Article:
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You can follow us for future coverage by clicking “Follow” on the top right-hand corner of the page. Also, be sure to like us on Facebook @VolunteerCountry & follow us on Twitter at @VCountryFN.

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Tennessee downs LSU to win fifth SEC Tournament in program history

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Tennessee downs LSU to win fifth SEC Tournament in program history


KNOXVILLE, Tenn. (WVLT) – Tennessee held off a ninth inning LSU rally to defeat the Tigers 4–3 on Sunday and win the programs fifth SEC baseball tournament championship.

Pigeon Forge native Dylan Loy threw a career high 4.2 innings, striking out five LSU batters in the win.

Trailing 1-0 in the third, Billy Amick launched a three run home run to give Tennessee a 3-1 lead. An RBI single from Hunter Ensley provided the fourth and final Tennessee run of the game.

Aaron Combs earned the save, stranding the potential tying run on base with a strikeout of the potential winning run to close the ballgame.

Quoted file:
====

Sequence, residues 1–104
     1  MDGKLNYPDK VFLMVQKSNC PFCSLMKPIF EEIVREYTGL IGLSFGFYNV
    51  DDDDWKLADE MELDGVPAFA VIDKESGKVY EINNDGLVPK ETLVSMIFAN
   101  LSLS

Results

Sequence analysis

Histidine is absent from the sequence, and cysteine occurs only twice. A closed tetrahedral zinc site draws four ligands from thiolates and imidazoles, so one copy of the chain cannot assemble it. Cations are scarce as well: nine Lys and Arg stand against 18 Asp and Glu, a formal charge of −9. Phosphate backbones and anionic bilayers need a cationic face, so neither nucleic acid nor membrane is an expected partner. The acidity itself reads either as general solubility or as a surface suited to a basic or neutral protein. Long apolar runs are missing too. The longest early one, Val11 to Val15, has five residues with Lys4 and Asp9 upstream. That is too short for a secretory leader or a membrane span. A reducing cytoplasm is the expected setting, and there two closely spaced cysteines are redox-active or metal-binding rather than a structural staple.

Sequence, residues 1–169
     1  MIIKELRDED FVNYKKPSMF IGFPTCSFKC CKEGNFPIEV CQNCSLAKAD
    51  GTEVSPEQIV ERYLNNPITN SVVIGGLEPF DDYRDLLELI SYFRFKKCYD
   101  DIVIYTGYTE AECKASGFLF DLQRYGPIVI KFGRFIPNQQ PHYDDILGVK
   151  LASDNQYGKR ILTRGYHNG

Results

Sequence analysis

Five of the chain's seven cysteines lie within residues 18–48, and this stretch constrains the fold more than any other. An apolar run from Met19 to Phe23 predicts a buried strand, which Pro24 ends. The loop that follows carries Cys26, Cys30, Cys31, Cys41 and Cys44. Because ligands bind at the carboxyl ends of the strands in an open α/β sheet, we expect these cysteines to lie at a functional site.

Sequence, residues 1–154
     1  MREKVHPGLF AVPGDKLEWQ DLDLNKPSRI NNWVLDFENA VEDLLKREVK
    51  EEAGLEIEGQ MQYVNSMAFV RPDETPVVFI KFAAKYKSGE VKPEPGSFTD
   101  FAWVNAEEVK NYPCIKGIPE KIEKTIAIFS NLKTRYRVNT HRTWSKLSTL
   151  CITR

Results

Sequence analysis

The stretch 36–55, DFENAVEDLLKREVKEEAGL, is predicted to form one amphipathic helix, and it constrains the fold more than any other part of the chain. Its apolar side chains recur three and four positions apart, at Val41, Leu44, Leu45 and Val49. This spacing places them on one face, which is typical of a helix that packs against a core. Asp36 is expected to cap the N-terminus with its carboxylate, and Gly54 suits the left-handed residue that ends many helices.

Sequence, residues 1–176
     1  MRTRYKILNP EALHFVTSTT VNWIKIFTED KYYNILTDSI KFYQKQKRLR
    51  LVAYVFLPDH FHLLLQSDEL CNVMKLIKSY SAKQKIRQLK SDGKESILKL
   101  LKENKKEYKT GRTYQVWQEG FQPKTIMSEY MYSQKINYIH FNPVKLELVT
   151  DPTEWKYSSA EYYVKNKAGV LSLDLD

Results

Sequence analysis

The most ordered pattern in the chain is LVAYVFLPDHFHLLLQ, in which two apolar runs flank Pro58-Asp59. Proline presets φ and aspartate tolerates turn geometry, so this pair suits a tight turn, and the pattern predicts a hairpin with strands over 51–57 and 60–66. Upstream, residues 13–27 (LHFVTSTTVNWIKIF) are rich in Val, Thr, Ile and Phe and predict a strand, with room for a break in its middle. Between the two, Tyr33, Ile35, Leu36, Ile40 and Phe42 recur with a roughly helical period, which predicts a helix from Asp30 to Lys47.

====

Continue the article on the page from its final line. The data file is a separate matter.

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The tournament championship is Tennessee’s second in three seasons.

The Vols were named one of 16 regional host sites for this season’s NCAA baseball tournament. The 64 team field will be revealed tomorrow at noon ET on ESPN2.



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Live Updates: LSU Baseball vs. Tennessee (SEC Championship Game)

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Live Updates: LSU Baseball vs. Tennessee (SEC Championship Game)


Jay Johnson and the LSU Tigers look to make SEC Tournament history on Sunday afternoon in Hoover with a showdown against the Tennessee Volunteers on the horizon.

It’ll be an anticipated matchup between the No. 1 seeded Volunteers dialed in against the No. 11 seeded Tigers, who’re clicking on all cylinders.

After four wins in five days, LSU looks to make history in the SEC Tournament Championship Game.

Here’s a look into both programs starting lineups, what Jay Johnson said ahead of the showdown and live updates from Sunday in Hoover:

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LSU’s Starting Lineup

Tennessee’s Starting Lineup

SS Michael Braswell

2B Christian Moore

3B Tommy White

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1B Blake Burke